The Swedish banking and tech firm said consumers would be able to pay immediately rather than spreading payments over several instalments.
It is one of a number of changes Klarna announced on Monday, as BNPL providers face a crackdown from regulators.
Klarna said it aimed to “drive up standards” in the payments industry by carrying out stronger credit and affordability checks.
MPs and regulators are scrutinising BNPL firms which they say have marketed getting into debt to appear harmless.
Klarna’s chief executive Sebastian Siemiatkowski said people should pay with money they already have “most of the time” but that taking out credit sometimes “makes sense”.
“In those cases, our BNPL products offer a sustainable and no cost healthy form of credit – and a much-needed alternative to high-cost credit cards.
“The changes we are announcing today mean that consumers are fully in control of their payments whether they pay now or pay later.”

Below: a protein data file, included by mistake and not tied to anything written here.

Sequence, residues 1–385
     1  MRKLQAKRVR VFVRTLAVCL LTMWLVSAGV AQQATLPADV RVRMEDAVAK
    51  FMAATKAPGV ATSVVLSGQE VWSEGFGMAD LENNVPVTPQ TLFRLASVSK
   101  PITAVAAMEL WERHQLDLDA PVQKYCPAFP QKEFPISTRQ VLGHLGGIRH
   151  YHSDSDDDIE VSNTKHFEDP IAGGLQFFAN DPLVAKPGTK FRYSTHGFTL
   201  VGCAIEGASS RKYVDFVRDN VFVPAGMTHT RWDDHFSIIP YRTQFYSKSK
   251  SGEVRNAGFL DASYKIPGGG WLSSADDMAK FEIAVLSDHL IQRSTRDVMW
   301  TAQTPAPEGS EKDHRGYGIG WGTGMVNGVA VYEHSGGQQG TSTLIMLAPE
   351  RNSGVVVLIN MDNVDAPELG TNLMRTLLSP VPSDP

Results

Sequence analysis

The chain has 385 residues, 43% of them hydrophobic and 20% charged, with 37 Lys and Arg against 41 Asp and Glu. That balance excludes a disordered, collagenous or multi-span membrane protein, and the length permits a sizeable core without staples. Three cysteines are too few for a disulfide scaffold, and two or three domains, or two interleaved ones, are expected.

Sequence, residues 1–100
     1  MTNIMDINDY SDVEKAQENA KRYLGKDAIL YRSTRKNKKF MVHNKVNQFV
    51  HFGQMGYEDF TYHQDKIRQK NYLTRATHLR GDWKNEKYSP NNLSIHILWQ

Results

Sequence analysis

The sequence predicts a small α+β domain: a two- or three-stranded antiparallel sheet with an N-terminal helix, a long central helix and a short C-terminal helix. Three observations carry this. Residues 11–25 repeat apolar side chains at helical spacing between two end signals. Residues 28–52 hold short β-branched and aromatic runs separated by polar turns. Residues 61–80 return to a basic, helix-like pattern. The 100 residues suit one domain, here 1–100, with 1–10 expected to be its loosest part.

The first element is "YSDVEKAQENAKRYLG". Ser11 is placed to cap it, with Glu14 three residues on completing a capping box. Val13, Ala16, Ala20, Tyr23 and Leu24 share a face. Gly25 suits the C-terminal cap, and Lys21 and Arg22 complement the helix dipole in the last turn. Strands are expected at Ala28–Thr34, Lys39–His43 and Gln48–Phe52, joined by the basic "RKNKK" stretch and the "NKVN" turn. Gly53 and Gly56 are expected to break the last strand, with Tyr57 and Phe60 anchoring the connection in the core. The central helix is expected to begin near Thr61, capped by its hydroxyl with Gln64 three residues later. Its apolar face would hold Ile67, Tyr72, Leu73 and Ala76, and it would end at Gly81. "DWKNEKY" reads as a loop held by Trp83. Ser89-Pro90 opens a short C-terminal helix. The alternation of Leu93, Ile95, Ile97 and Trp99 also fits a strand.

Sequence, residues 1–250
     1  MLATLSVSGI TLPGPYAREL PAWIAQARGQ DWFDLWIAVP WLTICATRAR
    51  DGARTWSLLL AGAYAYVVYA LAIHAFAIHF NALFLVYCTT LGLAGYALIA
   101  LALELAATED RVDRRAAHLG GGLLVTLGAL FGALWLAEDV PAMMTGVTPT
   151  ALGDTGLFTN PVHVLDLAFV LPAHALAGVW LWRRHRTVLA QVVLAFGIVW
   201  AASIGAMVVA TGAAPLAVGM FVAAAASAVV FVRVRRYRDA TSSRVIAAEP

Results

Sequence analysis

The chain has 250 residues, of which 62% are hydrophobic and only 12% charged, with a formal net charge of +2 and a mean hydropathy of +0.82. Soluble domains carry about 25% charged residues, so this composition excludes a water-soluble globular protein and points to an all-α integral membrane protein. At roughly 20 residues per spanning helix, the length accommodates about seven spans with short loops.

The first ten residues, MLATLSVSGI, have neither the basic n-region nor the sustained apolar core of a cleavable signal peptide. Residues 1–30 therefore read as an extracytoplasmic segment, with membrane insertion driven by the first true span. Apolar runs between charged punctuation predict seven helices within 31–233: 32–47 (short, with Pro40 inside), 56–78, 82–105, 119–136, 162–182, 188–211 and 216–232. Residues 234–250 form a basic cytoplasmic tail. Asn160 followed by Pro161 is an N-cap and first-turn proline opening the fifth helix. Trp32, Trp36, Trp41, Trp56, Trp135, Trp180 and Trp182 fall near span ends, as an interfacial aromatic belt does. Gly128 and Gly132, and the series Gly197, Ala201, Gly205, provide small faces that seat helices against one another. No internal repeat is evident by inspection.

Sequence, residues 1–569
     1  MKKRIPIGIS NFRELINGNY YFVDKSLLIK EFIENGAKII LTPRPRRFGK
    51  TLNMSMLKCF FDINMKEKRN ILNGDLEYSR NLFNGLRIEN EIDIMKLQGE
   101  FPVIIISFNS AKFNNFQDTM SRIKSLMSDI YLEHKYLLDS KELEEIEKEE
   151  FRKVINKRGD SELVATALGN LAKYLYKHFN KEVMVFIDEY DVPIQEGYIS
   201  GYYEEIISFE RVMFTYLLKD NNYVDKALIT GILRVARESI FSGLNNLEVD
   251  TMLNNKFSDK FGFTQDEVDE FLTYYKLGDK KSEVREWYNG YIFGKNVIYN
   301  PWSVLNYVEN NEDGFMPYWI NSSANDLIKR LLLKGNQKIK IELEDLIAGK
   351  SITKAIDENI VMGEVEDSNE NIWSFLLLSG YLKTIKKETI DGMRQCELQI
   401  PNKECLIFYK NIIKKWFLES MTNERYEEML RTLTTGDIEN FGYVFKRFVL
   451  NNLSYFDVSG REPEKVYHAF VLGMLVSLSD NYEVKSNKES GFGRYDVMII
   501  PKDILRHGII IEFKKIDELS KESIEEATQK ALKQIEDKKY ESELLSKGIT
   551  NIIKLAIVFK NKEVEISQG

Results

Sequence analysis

The pay now option has already existed for some time outside the UK, where the company said it has been popular.
In February, the Treasury unveiled plans for the Financial Conduct Authority (FCA) to oversee BNPL firms.
A review by the FCA found that tougher regulation of the sector was a “as a matter of urgency” amid fears that shoppers could be building up unsustainable debts.
John Glen, the economic secretary to the Treasury, said at the time: “The review found it would be relatively easy to accrue around £1,000 of debt that credit reference agencies and mainstream lenders cannot see.
“With several buy now, pay later providers planning to expand to higher-value retailers, or offer their products in store, the risk that consumers could take on unaffordable levels of debt is increasing.”
Consumer groups have warned that shoppers may not know that they are getting into debt when they use services provided by Klarna and its rivals Clearpay and PayPal.
People who fail to make payments on time can see their credit score negatively impacted.